Cathedrals and their Communities

December 29, 2017

The  Department for Communities and Local Government has published Cathedrals and their Communities: A report on the diverse roles of cathedrals in modern England. It summarises the findings from the tour of all 42 Church of England cathedrals undertaken by Lord Bourne of Aberystwyth as Minister for Faith at DCLG. It makes no formal recommendations but concludes with three ‘suggestions’:

  • Charging policy: We understand why some cathedrals have charging policies in place, but it is worth considering the example of Chester who did away with charging [and] have reported increased profits since, or Durham Cathedral which has pledged to keep its main space free to enter. For lesser-known cathedrals, creating an active programme of events and training of staff and volunteers in welcoming people can bring more people through the door and increase income.’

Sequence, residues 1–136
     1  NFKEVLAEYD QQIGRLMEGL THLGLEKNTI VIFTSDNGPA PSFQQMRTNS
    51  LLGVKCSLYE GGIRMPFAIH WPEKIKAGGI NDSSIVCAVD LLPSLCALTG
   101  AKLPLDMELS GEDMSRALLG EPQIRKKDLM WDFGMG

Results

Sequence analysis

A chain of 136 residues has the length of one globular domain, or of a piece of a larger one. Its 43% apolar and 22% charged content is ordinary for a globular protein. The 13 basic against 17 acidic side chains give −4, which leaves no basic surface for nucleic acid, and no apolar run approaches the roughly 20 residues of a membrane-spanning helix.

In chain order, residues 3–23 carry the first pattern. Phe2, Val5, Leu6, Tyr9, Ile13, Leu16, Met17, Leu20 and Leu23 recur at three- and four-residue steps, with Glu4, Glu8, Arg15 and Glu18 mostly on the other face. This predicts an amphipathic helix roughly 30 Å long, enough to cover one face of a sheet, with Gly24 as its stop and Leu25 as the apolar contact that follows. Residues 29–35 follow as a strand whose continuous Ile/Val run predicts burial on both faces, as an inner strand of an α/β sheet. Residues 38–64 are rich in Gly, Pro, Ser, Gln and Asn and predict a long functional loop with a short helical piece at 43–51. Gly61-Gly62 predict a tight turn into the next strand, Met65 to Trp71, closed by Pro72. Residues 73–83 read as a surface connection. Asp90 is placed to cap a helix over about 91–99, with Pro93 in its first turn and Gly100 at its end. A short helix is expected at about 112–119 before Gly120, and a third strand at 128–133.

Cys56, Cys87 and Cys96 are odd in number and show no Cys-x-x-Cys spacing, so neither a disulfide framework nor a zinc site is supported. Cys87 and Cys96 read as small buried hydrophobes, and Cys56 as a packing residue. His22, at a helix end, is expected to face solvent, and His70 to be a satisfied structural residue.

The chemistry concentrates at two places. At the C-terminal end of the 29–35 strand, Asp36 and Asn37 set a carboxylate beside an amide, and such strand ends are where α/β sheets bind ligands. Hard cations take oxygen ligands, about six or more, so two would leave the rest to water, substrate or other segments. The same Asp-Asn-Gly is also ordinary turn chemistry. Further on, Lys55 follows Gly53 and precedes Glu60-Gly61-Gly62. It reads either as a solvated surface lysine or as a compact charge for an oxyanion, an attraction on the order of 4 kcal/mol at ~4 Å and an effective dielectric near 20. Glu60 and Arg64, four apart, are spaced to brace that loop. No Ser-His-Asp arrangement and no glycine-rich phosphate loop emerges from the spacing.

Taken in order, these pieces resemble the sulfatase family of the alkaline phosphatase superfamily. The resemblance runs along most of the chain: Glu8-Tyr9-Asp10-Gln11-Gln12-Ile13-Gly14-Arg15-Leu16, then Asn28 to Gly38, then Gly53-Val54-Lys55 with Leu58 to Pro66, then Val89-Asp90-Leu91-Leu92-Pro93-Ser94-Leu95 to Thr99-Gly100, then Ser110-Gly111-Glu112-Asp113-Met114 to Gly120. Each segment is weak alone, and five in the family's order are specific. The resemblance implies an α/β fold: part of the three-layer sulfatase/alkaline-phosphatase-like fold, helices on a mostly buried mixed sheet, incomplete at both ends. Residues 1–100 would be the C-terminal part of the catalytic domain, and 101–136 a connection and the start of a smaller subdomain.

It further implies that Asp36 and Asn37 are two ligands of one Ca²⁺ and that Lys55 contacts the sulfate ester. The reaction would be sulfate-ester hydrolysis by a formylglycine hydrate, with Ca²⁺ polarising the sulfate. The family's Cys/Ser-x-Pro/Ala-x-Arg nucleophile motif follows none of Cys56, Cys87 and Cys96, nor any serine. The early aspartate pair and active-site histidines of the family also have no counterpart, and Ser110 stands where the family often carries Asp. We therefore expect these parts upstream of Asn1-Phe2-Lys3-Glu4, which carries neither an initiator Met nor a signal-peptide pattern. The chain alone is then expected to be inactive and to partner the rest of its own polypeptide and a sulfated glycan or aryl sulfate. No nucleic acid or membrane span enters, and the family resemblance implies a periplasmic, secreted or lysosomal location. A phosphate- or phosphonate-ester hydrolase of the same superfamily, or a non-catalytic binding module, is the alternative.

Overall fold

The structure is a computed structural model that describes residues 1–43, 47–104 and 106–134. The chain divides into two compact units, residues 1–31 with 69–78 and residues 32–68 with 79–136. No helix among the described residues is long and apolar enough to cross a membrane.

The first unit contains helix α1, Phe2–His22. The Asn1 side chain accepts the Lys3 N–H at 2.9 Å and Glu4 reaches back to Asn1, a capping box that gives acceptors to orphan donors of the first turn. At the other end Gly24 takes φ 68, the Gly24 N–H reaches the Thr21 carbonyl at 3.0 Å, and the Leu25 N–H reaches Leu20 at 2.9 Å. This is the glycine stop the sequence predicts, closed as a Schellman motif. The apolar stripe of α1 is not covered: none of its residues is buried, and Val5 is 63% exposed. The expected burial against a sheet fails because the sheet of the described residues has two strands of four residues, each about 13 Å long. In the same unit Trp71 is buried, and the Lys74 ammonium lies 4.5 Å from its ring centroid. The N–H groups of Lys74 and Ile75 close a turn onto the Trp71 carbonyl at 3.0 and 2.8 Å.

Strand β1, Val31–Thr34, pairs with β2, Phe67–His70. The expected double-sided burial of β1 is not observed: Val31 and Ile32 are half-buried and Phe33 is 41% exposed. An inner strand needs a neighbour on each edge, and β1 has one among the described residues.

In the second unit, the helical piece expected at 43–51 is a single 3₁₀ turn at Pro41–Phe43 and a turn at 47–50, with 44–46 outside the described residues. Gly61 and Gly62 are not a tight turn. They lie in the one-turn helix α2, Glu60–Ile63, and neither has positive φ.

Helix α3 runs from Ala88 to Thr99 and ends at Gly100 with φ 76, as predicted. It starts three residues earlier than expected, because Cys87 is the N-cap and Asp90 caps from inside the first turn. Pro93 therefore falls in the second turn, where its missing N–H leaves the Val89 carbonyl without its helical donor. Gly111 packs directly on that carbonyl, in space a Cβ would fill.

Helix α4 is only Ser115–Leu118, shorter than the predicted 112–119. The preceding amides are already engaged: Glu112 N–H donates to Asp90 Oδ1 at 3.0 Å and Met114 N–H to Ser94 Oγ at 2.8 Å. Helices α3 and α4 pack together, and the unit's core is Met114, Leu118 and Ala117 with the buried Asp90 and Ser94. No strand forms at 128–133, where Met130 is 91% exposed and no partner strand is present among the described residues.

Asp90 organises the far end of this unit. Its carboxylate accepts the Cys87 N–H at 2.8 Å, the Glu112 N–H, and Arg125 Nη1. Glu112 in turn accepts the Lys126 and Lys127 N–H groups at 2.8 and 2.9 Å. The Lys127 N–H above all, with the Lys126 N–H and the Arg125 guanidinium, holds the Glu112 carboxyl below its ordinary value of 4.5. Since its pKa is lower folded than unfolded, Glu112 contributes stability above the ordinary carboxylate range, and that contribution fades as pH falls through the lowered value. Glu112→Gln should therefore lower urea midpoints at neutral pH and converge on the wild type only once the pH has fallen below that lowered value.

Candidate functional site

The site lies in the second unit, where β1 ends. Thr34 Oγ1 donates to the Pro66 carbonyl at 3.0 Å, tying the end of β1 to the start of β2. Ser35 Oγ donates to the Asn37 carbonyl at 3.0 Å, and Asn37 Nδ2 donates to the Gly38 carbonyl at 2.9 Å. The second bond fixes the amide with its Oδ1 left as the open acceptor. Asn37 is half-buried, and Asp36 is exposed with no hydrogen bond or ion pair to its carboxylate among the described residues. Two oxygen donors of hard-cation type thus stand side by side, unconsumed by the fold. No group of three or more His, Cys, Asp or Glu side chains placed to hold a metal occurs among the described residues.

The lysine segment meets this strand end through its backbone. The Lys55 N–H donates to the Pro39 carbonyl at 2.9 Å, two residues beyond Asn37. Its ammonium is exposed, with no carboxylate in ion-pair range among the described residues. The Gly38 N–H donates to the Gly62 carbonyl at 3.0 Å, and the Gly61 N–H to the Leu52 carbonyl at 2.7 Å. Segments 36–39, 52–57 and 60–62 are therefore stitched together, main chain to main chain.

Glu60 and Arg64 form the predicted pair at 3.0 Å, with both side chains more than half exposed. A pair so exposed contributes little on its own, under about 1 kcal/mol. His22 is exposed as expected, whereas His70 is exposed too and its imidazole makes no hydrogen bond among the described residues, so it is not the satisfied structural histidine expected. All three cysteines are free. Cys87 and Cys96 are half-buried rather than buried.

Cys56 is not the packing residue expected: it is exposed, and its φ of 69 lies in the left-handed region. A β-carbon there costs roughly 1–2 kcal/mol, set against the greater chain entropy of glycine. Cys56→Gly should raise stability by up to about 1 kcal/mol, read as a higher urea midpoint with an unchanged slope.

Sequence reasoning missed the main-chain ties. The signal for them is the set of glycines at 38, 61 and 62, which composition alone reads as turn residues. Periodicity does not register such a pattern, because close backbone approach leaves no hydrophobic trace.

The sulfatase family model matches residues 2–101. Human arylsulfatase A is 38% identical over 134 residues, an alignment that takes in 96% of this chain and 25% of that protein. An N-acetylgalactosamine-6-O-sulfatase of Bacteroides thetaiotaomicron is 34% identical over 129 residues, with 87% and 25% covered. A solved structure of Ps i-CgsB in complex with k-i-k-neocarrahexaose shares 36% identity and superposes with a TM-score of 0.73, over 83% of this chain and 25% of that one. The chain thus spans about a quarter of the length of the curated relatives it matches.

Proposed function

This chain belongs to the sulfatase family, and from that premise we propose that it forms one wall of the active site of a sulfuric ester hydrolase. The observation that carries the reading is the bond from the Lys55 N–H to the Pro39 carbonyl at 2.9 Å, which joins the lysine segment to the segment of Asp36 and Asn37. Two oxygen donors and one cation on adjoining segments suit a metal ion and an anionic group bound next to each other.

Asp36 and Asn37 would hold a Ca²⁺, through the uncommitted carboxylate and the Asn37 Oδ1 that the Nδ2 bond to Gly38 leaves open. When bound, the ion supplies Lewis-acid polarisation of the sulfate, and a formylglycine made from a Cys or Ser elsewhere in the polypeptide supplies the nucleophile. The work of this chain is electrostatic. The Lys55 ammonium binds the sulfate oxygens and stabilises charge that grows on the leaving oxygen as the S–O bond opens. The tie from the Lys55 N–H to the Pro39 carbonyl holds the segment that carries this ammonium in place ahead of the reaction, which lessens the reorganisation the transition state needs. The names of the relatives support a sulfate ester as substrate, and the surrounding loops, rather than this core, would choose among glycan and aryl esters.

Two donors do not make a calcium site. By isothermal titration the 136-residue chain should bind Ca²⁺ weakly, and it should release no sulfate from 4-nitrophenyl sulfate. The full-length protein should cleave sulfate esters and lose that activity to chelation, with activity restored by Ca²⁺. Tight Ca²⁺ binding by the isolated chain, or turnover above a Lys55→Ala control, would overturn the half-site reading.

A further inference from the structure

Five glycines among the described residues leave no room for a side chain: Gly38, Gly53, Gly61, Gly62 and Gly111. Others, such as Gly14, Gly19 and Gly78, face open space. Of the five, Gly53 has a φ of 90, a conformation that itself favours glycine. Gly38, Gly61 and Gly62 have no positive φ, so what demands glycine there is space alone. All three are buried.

• Using spare space: The use of crypts and naves for events seems to be a fairly widespread practice but Sheffield cathedral has built a new space below the cathedral to help the city’s homeless residents. This may not be feasible for all cathedrals but a project like this can really help turn people’s lives around.’
  • Sharing excellent ideas: There are good networks between cathedrals, whether that’s through formalised meetings and conferences or through the movement of staff from one town or city to the next. However, we suggest there’s always room to build better connections both with other cathedrals, with other faith bodies and with local museums, charities and local authorities to learn about how they approach similar problems and opportunities.’